Development and Evaluation of a Community-Based Rodent Control Strategy at Regae
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- Rodent, Community, Development
- Tshwana, M. P.; Averbeke, W. Van; Kotze, J. J.
- This work is licensed under a Creative Commons Attribution-NonCommercial-ShareAlike 4.0 International License. CC BY-NC-SA 4.0 Creative Commons License: https://creativecommons.org/licenses/by-nc-sa/4.0/
- In rural environments rodents are pests because they damage standing and stored crops and animal feeds and cause distress among livestock, particularly poultry. Rodents also affect rural people more directly in their homes where they cause damage to buildings and furniture and stored food stuffs and they may even bite people. Rodents also present a human health risk because they factor in the transmission of deadly diseases, such as the bubonic plaque which is transmitted through fleas that use the rodents as hosts. For all of these reasons, rodent control is important. In 2002 the Regae community identified the need to control rodents in the village as a development priority. During community meetings it was identified that rodents damaged standing and stored crops, food stores, and furniture and incidences of children being bitten whilst asleep were reported. The current study was undertaken in response to this identified need. Whereas many approaches and techniques to control rodents exist, the development and implementation of a safe, effective, affordable community-based strategy for the control of rodents in rural settlements, such as Regae, has received little attention. Two surveys were conducted in Regae using capture-mark-release (CMR) and structured questionnaire method respectively. Rodent populations inhabiting suitable environments have the potential to increase rapidly up to the size limit imposed by that environment.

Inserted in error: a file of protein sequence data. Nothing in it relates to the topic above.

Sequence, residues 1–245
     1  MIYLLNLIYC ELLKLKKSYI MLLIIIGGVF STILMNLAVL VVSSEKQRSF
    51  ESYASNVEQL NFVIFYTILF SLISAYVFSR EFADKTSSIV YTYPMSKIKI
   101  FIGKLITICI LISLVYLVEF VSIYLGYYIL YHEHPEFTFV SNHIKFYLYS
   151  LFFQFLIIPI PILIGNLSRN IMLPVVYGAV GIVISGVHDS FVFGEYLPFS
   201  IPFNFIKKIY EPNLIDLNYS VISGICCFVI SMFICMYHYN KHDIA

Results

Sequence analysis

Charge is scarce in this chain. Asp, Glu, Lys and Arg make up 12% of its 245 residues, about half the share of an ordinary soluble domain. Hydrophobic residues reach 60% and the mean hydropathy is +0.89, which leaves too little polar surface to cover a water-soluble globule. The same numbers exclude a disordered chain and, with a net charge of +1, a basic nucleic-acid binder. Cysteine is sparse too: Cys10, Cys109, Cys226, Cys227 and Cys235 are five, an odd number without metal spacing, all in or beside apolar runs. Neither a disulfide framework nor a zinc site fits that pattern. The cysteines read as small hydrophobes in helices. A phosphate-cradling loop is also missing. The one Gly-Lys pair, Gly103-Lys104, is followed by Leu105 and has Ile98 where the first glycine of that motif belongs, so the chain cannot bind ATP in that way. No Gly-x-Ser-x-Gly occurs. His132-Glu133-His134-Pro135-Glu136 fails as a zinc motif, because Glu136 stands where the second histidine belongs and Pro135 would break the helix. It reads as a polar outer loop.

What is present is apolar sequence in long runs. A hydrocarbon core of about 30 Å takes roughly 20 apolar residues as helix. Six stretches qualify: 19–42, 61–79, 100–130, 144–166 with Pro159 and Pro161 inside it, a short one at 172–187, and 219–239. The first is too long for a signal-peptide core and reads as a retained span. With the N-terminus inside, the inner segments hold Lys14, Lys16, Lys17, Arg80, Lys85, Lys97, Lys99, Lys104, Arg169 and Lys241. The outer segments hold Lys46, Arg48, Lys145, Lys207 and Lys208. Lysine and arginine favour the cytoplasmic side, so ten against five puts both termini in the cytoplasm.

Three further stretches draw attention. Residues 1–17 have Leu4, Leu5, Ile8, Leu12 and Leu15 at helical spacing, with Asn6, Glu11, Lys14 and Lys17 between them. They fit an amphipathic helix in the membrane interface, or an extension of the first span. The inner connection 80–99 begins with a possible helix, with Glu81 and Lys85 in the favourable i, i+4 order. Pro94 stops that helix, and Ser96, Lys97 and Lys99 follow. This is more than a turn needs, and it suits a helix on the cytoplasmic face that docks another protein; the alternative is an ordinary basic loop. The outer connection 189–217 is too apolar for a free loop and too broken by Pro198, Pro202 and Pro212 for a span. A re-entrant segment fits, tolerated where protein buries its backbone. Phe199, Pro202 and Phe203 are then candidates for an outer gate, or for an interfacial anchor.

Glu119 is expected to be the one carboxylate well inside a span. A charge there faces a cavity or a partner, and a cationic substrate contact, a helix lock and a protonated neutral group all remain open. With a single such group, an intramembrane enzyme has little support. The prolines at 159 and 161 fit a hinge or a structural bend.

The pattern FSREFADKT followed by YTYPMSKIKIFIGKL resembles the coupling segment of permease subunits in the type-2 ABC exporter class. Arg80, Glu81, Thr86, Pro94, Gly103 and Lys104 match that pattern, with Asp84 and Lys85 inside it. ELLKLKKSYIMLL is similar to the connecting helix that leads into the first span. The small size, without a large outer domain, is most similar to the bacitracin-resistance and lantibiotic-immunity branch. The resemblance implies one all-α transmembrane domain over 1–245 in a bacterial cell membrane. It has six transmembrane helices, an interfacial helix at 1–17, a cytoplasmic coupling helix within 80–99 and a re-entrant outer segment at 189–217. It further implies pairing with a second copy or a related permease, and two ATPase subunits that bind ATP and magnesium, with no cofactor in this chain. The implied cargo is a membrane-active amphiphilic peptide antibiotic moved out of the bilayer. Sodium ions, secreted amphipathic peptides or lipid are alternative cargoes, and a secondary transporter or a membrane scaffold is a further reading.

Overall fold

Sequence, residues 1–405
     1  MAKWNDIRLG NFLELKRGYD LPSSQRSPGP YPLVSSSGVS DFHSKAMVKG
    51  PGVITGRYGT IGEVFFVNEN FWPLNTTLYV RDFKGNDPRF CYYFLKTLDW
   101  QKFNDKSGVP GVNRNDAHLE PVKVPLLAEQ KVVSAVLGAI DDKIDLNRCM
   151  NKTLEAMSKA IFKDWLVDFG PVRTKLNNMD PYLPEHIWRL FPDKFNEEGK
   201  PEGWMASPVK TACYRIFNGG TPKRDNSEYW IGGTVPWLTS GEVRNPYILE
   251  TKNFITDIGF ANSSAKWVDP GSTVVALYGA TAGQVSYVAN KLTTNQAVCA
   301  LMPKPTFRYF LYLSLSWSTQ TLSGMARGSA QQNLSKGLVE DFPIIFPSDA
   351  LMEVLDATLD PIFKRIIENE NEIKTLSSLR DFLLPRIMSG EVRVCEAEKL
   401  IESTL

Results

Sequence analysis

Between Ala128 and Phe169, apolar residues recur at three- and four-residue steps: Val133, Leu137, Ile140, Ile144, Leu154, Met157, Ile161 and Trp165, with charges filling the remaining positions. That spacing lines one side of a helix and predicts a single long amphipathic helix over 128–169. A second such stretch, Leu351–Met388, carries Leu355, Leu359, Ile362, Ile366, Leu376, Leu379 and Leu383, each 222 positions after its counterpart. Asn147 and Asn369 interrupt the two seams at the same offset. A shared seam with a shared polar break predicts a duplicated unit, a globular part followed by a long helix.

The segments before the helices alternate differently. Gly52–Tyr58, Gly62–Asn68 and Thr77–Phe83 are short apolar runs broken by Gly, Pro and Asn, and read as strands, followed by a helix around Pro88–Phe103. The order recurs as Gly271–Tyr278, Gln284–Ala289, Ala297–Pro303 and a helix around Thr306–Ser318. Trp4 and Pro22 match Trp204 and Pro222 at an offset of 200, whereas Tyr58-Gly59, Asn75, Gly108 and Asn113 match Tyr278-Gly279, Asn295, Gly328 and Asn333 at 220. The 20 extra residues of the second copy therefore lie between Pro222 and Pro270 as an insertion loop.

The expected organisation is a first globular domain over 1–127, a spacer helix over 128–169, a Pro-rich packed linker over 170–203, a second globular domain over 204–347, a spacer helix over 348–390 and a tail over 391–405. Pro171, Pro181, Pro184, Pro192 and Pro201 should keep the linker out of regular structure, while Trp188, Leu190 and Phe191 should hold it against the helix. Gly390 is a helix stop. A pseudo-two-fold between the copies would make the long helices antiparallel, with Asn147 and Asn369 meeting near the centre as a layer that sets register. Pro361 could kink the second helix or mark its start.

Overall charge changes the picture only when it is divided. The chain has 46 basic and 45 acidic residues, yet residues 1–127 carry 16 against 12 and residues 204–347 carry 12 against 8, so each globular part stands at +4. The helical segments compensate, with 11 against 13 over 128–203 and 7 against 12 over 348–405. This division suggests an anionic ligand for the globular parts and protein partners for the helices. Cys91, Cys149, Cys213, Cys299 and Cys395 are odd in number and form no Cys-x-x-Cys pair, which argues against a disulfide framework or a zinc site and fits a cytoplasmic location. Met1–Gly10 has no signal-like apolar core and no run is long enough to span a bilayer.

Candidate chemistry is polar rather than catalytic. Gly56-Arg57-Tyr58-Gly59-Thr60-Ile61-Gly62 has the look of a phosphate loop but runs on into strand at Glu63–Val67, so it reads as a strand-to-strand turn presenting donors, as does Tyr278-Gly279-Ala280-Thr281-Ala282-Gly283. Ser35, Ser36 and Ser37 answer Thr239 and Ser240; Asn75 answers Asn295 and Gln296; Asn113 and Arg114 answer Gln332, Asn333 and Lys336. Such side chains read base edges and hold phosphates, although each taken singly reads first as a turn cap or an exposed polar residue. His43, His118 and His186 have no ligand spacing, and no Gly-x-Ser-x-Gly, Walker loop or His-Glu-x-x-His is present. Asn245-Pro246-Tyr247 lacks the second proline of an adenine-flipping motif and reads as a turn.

Full text: IJRAS_378_FINAL.pdf